Thus, there is no bar to resolving the felon-misdemeanant issue at this stage. In addition, there is an...

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42 practice notes
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    ...any branch of state government because it imposes no affirmative duty of any kind on them”); Fraternal Order of Police v. United States, 173 F.3d 898, 906 (D.C.Cir.1999) (rejecting a commandeering challenge to a statute that did “not force state officials to do anything affirmative to imple......
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    • United States Courts of Appeals. United States Court of Appeals (3rd Circuit)
    • 6 Febrero 2002
    ...containing the discussion of standing in Fraternal Order of Police was reversed on rehearing. Fraternal Order of Police v. United States, 173 F.3d 898 (D.C.Cir.1999). In the second opinion, however, the court stated, "The analysis of standing on this issue is unchanged from our prior opinio......
  • Parker v. District of Columbia, No. 04-7041.
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    • United States Courts of Appeals. United States Court of Appeals (District of Columbia)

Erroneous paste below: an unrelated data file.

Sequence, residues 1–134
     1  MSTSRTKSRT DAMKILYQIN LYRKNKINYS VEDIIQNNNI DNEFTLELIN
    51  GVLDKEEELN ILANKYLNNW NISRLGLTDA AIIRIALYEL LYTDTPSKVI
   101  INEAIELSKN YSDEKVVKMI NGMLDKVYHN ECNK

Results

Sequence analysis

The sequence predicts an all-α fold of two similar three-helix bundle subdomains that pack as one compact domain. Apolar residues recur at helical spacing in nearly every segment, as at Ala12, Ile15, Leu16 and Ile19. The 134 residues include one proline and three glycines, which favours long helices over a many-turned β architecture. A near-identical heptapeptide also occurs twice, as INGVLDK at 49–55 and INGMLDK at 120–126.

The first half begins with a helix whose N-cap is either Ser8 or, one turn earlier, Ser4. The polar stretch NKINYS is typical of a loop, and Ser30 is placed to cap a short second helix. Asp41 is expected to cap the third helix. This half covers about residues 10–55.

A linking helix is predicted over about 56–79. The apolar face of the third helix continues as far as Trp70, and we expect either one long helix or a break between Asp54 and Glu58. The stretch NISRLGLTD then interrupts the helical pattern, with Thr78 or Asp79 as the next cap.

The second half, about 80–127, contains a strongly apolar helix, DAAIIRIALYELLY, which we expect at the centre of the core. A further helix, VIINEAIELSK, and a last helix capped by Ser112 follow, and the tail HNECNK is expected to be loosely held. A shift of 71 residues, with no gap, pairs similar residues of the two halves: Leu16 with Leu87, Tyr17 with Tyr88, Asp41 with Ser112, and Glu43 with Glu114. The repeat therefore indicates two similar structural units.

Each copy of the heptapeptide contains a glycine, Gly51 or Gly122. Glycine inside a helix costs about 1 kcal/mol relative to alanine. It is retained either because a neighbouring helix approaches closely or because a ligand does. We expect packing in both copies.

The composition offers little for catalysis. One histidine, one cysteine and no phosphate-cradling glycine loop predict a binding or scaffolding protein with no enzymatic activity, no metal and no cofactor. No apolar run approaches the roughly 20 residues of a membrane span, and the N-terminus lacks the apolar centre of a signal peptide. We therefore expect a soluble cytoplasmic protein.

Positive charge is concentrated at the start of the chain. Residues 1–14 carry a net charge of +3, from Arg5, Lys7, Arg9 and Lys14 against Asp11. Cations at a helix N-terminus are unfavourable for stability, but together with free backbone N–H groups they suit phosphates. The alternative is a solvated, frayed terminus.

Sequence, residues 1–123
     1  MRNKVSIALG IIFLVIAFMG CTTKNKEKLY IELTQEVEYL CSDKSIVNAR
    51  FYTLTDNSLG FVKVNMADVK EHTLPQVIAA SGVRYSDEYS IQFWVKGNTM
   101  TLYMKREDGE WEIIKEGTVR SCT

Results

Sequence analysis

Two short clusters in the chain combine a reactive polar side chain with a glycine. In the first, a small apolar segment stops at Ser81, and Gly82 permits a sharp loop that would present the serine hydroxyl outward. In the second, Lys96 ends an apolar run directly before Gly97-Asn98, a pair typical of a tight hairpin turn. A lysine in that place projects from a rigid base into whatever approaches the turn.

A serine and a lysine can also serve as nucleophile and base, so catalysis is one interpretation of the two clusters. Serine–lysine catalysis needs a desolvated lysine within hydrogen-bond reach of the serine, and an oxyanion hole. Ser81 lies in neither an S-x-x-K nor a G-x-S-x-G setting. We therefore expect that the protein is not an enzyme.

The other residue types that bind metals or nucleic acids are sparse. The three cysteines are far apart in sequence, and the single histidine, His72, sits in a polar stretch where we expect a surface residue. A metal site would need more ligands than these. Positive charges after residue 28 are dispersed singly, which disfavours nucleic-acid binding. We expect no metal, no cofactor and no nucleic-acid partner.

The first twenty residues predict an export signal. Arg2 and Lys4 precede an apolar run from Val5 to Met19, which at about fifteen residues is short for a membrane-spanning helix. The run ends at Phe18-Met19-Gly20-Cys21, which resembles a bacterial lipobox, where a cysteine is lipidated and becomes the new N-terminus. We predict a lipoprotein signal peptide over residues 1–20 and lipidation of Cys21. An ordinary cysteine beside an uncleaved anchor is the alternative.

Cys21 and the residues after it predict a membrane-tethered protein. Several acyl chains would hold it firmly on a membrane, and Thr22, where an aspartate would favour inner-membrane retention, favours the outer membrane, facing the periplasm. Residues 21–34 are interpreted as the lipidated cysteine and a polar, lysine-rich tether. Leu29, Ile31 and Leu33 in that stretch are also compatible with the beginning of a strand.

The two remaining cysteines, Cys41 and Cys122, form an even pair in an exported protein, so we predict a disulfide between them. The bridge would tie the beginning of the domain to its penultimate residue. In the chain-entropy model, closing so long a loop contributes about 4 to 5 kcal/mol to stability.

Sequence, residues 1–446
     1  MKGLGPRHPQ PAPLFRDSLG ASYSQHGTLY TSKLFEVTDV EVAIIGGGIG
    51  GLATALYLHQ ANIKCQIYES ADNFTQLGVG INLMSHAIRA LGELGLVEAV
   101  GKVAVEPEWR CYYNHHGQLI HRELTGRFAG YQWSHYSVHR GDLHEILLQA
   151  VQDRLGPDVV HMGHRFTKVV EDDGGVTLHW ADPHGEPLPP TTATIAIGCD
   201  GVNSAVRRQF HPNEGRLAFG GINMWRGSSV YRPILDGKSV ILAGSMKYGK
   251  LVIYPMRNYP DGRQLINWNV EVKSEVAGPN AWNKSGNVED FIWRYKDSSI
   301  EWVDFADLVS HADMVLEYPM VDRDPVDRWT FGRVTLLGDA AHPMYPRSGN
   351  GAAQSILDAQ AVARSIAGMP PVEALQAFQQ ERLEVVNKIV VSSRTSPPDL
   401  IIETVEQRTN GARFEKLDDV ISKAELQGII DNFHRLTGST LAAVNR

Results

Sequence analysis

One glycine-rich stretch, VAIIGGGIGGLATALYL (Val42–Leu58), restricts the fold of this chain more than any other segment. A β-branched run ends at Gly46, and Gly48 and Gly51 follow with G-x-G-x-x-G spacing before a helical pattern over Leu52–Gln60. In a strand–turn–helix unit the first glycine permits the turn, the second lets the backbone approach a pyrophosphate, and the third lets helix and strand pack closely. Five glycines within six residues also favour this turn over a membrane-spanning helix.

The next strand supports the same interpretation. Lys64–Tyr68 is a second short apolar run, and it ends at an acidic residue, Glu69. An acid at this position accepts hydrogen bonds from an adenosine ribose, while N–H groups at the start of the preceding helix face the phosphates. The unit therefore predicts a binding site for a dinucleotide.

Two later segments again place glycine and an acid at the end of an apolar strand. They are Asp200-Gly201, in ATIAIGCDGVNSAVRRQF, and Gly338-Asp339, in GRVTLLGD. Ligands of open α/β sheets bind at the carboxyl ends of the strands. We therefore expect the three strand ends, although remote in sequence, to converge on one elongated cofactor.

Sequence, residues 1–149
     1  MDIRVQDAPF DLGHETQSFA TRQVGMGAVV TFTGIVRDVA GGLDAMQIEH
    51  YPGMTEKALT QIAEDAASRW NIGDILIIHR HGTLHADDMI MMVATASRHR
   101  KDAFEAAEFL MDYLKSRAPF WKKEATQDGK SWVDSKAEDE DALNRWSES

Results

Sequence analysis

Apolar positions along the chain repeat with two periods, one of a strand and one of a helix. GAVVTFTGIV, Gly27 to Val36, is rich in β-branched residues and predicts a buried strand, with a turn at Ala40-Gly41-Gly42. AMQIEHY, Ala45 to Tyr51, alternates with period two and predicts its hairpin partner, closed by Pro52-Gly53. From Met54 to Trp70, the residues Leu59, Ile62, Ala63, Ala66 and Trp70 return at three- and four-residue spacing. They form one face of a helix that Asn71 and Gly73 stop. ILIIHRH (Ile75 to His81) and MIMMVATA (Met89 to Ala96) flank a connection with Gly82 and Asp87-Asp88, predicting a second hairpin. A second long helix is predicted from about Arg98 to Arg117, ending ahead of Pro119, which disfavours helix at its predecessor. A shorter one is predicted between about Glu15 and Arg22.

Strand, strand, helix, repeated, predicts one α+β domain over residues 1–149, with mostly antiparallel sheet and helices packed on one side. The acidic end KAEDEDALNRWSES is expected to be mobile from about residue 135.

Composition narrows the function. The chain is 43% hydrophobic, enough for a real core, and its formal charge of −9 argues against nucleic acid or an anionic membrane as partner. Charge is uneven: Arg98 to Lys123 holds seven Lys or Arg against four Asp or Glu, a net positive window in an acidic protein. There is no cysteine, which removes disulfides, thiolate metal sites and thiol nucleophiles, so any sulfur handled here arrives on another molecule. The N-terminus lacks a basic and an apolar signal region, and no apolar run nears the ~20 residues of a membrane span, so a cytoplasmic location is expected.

• 9 Marzo 2007
    ...of the collective right interpretation then urged by the federal government. Fraternal Order of Police v. United States (F.O.P.II), 173 F.3d 898, 906 (D.C.Cir.1999). The Supreme Court has not decided this issue either. See id. As we have said, the leading Second Amendment case in the Suprem......
  • U.S. v. Barnes, No. 01-3048.
    • United States
    • United States Courts of Appeals. United States Court of Appeals (District of Columbia)
    • 23 Julio 2002
    ...conceivable state of facts that could provide a rational basis for the classification." Fraternal Order of Police v. United States, 173 F.3d 898, 903 (D.C.Cir.) (quotations omitted), cert. denied, 528 U.S. 928, 120 S.Ct. 324, 145 L.Ed.2d 253 (1999). The Congress's decision to incorporate st......
  • Request a trial to view additional results
42 cases
  • Nat'l Collegiate Athletic Ass'n v. Governor of N.J., Nos. 13–1713
    • United States
    • United States Courts of Appeals. United States Court of Appeals (3rd Circuit)
    • 17 Septiembre 2013